If you really don’t want to limit the information shared, there are many examples of artists who create separate artist statements along with their shorter artist bio so that interested parties can get a more comprehensive view of their work experience and views. Just like the example artist statement shown below, which focuses on the artist’s practice and style:

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3 Unique Artist Biography Examples for Different Purposes

Although we’ve taught you how to write a bio, these are just basic standard rules. You have to be open to making some changes based on the requirements of the bio that needs to be written. To illustrate this, have a look at the following list of examples:

1. Professional Presentation

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The first type of bio that we’ll be talking about is the ‘professional’ type. This is used by artists who want to create an art portfolio where fellow artists and other interested parties can view their art. For this reason, the structure of the bio is often very formal and neat.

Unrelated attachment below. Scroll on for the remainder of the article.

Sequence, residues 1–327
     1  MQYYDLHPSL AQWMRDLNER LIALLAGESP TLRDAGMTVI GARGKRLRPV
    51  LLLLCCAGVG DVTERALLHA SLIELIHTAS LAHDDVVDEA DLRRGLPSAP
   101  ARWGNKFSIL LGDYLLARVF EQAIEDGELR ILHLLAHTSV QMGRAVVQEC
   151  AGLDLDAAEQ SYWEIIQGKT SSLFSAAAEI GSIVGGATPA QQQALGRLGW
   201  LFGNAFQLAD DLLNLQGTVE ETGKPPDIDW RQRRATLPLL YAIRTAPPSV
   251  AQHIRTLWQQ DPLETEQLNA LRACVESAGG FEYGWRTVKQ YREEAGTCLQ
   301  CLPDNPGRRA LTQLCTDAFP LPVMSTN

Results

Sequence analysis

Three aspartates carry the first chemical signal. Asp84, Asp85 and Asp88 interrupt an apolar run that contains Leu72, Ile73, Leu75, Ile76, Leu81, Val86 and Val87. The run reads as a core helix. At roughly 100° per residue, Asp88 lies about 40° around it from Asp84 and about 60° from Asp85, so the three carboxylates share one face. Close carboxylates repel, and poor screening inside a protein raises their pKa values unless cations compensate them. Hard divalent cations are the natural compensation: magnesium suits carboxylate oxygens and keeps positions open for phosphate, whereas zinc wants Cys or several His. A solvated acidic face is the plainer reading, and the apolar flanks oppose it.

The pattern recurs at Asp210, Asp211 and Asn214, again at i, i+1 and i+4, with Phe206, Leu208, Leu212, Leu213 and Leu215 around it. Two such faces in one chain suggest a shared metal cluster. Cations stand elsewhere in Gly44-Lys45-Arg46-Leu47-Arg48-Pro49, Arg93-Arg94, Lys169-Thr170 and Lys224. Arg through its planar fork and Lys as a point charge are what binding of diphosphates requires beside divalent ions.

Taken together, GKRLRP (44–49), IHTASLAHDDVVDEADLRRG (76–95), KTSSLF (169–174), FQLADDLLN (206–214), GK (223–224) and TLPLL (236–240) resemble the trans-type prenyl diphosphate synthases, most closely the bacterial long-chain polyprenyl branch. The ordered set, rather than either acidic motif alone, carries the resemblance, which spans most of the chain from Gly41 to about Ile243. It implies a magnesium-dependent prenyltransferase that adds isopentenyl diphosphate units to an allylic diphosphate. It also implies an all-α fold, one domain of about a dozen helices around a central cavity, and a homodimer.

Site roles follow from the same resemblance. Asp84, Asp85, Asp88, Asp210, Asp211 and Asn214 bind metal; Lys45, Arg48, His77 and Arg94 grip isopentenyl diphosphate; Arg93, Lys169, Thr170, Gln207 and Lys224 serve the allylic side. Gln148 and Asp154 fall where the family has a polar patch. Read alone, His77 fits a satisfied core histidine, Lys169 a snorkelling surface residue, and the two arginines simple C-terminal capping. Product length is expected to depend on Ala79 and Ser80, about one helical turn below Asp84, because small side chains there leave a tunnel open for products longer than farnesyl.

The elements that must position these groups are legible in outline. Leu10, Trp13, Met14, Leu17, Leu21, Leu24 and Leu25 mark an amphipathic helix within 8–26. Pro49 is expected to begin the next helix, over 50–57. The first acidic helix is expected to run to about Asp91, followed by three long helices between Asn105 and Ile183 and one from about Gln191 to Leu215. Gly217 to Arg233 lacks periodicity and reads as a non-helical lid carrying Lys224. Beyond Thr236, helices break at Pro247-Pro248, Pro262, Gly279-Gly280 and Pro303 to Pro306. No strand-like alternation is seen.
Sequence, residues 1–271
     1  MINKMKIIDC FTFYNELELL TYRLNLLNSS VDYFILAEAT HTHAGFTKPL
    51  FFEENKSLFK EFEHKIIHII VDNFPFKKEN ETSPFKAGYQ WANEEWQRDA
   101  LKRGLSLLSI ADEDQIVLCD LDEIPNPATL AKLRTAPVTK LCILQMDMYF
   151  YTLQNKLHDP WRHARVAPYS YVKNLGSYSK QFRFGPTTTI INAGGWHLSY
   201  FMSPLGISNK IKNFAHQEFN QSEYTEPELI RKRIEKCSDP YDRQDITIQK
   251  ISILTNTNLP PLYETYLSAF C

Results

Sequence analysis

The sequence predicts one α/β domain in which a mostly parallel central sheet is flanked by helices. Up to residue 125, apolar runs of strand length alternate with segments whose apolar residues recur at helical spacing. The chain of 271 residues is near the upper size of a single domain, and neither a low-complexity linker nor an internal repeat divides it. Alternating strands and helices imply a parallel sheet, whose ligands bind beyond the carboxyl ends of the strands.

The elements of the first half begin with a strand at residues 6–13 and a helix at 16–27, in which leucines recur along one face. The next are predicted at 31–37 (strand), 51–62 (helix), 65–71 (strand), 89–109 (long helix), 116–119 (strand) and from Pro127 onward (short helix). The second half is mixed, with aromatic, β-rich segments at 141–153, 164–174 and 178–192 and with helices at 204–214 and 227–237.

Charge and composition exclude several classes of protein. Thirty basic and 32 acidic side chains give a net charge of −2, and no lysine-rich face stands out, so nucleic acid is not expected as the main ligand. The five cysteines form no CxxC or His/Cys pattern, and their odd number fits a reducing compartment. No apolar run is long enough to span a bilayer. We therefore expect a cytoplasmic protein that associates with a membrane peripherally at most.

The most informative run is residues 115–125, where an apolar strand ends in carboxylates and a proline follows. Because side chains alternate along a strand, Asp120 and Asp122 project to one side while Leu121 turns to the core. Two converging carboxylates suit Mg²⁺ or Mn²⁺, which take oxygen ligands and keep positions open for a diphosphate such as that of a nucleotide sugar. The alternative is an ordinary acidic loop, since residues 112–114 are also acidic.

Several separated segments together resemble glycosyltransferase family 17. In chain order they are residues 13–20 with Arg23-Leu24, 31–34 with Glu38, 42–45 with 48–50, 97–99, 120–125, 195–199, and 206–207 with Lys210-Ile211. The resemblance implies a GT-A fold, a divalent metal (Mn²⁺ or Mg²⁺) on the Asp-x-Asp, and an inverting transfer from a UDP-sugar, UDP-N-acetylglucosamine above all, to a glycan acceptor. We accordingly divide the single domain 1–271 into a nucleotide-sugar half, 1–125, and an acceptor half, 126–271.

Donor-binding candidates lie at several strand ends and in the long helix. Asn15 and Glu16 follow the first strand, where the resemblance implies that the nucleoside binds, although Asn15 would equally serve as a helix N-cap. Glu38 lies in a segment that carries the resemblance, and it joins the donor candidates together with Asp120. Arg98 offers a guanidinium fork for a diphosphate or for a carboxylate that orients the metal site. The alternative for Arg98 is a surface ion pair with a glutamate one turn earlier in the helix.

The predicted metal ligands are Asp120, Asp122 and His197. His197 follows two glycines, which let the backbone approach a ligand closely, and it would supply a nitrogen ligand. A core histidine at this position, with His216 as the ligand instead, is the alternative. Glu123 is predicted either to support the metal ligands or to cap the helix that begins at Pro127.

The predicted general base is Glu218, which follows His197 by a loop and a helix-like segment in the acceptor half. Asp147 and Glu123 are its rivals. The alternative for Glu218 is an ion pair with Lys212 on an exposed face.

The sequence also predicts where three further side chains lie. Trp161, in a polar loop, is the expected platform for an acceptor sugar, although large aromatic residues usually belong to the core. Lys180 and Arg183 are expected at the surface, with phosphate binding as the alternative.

Just like the artist bio example above. It has all the key points but focuses more on her works and uses formal language.

2. Gallery or Exhibition Submission

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If your purpose for writing an introduction is to submit your art to galleries and exhibitions, then the focus should be on successful exhibitions and the style of your work. That way, the reader can quickly verify whether you match the requirements of their show.

3. Personal or Business Website

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Most of the ‘bios’ we’ve shown thus far have been taken from the websites of artists. Different websites have different purposes. Just like Livia’s art business shop shown above.

The ‘About Me’ section is very clean and formal. Whereas Jon’s bio below, written for a personal site, is written in first-person POV — making it more engaging and personal.

artist biography
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Final Thoughts:

Now that you’ve learned the basic rules for writing a good bio, it’s time to start working! Best if you could get it up on your site ASAP.

(BTW! If you haven’t started looking for website builders yet, you can check out the Wix website builder or read this article for other relevant recommendations.)